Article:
Any labial is interchangeable with any other and likewise any fricative with any other. Plus the Designer metathesized alot. Here are examples of how these three processes give English forms from the Hebrew (from the pdf):
BILABIAL SHIFT aBBa to PAPA אבא
FRICATIVE SHIFT SHaQeL to SCALE שקל
BEAUTY M213 from TZiBHeeY (beautiful) צבי
This purposeful irregularization vitiates any appeal to systematic sound correspondence. All you need is some word in any language that shares some sound with some kind of phonetic similarity to some Hebrew word, place or manner of articulation of a consonant, for instance.

No more wowing for today.

Image from here – one of the claimed samples of earliest human writing.

13 comments:

Anonymous said...

I'm normally pretty cynical, but I'll add another wow to this.

By the way, the Hebrew as almost official language of the US thing was debunked by Cecil Adams' Straight Dope, here.

Mr. Happy said...

So, is this the craziest single language-related deal out there?

Anonymous said...

At some level, this has got to be a joke, right? Cannot possibly be serious.

Jonathon said...

It sounds like someone got all their linguistic facts from Neal Stephenson's Snow Crash.

Mr. Verb said...

Didn't know the Straight Dope thing, thanks, Anon.

The craziest language-related deal? Very high bar. But they seem to be snowboarding into the final round.

Ahhhh, Snow Crash. Haven't thought about that in a long time.

B H said...

Along with all the other hallmarks of a classic cargo-cult science, Edenics seems to include a persecution element, focusing the blame on none other than Chomsky. When asked for references, Mozeson's first reaction is to assume the questioner must be Chomsky or one of his students.

Due to its coherence, Edenics presents a fascinating case for those of us interested in pseudoscience, but like the rest, it's ultimately too sad to dwell on long. I picked Mozeson's earlier book apart myself here a few years ago.

Mr. Verb said...

Thanks, I didn't know your stuff on Edenics. The whole deal is sad, and gets sad fast when you start to ponder it.

goofy said...

This is pretty weird, but I think Edo Nyland's attempt to show how all languages are corruptions of Basque is weirder:
http://web.archive.org/web/20061118064929/www.islandnet.com/~nyland/linguist.htm

Mr. Verb said...

Good point -- that is at least as weird and maybe weirder. Really shares a lot with Edenics, in some sense.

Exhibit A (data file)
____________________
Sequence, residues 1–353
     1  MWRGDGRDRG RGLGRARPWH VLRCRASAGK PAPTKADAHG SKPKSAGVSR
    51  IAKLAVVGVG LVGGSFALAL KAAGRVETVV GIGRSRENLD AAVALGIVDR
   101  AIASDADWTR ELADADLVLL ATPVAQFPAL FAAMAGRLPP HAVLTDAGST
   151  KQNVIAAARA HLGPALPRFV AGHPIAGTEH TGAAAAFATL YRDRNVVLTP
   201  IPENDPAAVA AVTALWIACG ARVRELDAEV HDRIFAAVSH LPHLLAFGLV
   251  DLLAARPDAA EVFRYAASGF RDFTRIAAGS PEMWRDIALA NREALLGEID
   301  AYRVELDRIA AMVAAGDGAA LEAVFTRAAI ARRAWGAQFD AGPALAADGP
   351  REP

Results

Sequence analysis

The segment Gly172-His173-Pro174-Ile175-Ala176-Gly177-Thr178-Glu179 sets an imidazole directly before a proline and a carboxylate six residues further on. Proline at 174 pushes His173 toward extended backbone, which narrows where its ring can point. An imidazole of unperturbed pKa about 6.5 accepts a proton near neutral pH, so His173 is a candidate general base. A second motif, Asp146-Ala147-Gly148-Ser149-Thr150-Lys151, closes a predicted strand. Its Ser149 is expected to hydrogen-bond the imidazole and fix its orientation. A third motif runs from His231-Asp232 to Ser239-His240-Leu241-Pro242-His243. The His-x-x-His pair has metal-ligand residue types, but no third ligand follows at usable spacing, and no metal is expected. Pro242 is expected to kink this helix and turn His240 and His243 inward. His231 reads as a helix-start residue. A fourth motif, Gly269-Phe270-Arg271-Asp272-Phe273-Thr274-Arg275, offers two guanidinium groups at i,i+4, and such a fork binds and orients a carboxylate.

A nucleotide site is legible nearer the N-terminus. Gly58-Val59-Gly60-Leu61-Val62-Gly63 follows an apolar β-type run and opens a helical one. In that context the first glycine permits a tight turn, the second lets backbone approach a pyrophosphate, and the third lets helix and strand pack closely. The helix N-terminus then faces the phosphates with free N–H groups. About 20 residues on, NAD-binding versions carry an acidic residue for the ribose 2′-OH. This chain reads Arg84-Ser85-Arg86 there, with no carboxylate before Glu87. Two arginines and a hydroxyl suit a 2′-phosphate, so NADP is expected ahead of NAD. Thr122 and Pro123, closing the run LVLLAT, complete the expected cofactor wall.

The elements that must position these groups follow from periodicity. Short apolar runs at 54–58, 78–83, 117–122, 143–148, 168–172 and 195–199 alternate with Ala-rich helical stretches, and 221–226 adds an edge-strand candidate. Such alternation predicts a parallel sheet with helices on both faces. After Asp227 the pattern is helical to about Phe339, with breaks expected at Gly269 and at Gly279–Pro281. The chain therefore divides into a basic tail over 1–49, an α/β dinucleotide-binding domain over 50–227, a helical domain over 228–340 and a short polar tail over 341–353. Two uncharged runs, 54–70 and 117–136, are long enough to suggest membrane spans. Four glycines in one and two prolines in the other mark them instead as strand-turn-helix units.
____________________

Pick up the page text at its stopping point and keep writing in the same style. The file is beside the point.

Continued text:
Thanks!

goofy said...

I had a specific reason for thinking Nyland's work was weirder, which I forgot to mention. He thinks that all modern languages (except Basque) were created by Benedictine monks using Basque as a base, as part of a huge conspiracy.

Mr. Verb said...

Oh yeah, the Name of the Rose deal. It's clear, game over.

Hebrew Scholar said...

This is a brilliantly fascinating post about the origins of Hebrew. There is lots of evidence that Hebrew is ultimately what other languages derive from, such as Mozenson's book, "The Word: The Dictionary That Reveals the Hebrew Sources of English". Also children naturally read from right to left, and have to be trained to go the other way. That's why they make so many mistakes when learning to read such as back to front letters, reversing words, etc.

Unknown said...

@Hebrew Scholar, can you support that statement about children naturally reading right to left? In 1997, the Center for Development and Learning published an article stated that reading is not natural at all, much less a particular direction of reading. http://www.cdl.org/resource-library/articles/why_reading.php?type=recent&id=Yes

The reasons are for particular languages being written (and consequently read) from right to left or left to right or top to bottom or bottom to top. For example, Ancient Greek was written (and read!) all four directions depending on who was doing the writing, although a R-to-L convention was adopted as a standard. Japanese can be written both top to bottom and left to right, depending on the medium and preference of the author. There's even a slight trend to write right-to-left in Japanese due to a Western influence.

Unless you can back up your claim, I see it as having no basis.